5:1 Now 1 Jesus was standing by the Lake of Gennesaret, 2 and the crowd was pressing around him 3 to hear the word of God. 5:2 He 4 saw two boats by the lake, but the fishermen had gotten out of them and were washing their nets. 5:3 He got into 5 one of the boats, which was Simon’s, and asked him to put out a little way from the shore. Then 6 Jesus 7 sat down 8 and taught the crowds from the boat. 5:4 When he had finished speaking, he said to Simon, “Put out into the deep water and lower 9 your nets for a catch.” 5:5 Simon 10 answered, 11 “Master, 12 we worked hard all night and caught nothing! But at your word 13 I will lower 14 the nets.” 5:6 When 15 they had done this, they caught so many fish that their nets started to tear. 16 5:7 So 17 they motioned 18 to their partners in the other boat to come and help them. And they came and filled both boats, so that they were about to sink. 19 5:8 But when Simon Peter saw it, he fell down at Jesus’ knees, saying, “Go away from me, Lord, 20 for I am a sinful man!” 21 5:9 For 22 Peter 23 and all who were with him were astonished 24 at the catch of fish that they had taken,
1 tn Grk “Now it happened that.” The introductory phrase ἐγένετο (egeneto, “it happened that”), common in Luke (69 times) and Acts (54 times), is redundant in contemporary English and has not been translated.
3 sn The image of the crowd pressing around him suggests the people leaning forward to catch Jesus’ every word.
4 tn Grk “And he.” Here καί (kai) has not been translated because of differences between Greek and English style.
5 tn Grk “Getting into”; the participle ἐμβάς (embas) has been translated as a finite verb due to requirements of contemporary English style.
6 tn Here καί (kai) has been translated as “then” to indicate the implied sequence of events within the narrative.
7 tn Grk “he”; the referent (Jesus) has been specified in the translation for clarity.
8 tn Grk “sitting down”; the participle καθίσας (kaqisa") has been translated as a finite verb due to requirements of contemporary English style.
9 tn Or “let down.” The verb here is plural, so this is a command to all in the boat, not just Peter.
10 tn Grk “And Simon.” Here καί (kai) has not been translated because of differences between Greek and English style.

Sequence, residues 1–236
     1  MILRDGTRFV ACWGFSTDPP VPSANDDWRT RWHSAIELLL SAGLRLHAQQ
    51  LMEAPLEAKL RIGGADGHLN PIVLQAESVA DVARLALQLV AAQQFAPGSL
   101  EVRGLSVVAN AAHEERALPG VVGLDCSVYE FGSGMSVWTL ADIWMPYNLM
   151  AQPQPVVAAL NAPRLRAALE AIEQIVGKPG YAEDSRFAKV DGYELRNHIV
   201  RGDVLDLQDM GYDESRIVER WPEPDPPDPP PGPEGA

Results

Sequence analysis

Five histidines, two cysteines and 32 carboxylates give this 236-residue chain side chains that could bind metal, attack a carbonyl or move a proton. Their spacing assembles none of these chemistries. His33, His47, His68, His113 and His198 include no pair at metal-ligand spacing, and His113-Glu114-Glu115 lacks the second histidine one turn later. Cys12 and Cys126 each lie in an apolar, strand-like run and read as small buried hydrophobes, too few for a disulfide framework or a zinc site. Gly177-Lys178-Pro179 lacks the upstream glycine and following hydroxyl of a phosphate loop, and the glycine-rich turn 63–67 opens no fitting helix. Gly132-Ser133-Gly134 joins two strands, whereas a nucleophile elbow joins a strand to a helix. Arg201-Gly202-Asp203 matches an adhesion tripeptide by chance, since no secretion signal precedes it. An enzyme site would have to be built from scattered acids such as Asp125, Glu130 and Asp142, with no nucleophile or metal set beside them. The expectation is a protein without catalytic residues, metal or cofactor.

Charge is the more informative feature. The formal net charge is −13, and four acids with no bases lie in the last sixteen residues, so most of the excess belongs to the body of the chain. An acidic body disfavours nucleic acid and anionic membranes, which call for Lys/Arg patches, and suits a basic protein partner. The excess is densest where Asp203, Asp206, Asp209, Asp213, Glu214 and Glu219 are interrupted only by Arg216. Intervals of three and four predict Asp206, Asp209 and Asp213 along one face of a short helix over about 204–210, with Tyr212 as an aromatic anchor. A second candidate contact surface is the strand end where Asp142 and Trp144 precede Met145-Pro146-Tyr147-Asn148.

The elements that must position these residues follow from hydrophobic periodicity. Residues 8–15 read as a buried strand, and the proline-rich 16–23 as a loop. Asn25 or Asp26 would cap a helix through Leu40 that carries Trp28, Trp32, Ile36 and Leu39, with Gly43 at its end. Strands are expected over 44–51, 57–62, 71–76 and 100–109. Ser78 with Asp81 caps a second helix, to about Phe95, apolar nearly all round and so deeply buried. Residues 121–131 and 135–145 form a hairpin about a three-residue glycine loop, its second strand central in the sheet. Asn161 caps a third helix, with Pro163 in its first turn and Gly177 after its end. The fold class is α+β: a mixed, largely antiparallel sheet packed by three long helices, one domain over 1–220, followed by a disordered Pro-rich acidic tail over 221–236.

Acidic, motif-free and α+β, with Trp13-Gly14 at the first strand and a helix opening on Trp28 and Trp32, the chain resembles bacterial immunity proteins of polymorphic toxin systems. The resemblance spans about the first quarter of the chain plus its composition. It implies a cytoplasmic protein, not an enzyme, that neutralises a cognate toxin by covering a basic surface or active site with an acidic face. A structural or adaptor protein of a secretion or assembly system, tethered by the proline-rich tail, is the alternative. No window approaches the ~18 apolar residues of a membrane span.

11 tn Grk “answering, Simon said.” This is redundant in contemporary English and has been simplified in the translation to “Simon answered.”
12 tn The word ἐπιστάτης is a term of respect for a person of high status (see L&N 87.50).
13 tn The expression “at your word,” which shows Peter’s obedience, stands first in the Greek clause for emphasis.
14 tn Or “let down.”
15 tn Grk “And when.” Here καί (kai) has not been translated because of differences between Greek and English style.
16 tn In context, this imperfect verb is best taken as an ingressive imperfect (BDF §338.1).
17 tn Here καί (kai) has been translated as “so” to indicate consequential nature of the action.
18 tn That is, “they signaled by making gestures” (L&N 33.485).
19 tn This infinitive conveys the idea that the boats were at the point of sinking.
20 sn Lord is a term of high respect in this context. God’s presence in the work of Jesus makes Peter recognize his authority. This vocative is common in Luke (20 times), but does not yet have its full confessional force.
21 sn Peter was intimidated that someone who was obviously working with divine backing was in his presence (“Go away from me”). He feared his sinfulness might lead to judgment, but Jesus would show him otherwise.
22 sn An explanatory conjunction (For) makes it clear that Peter’s exclamation is the result of a surprising set of events. He speaks, but the others feel similarly.
23 tn Grk “he”; the referent (Peter) has been specified in the translation for clarity.
24 sn In the Greek text, this term is in an emphatic position.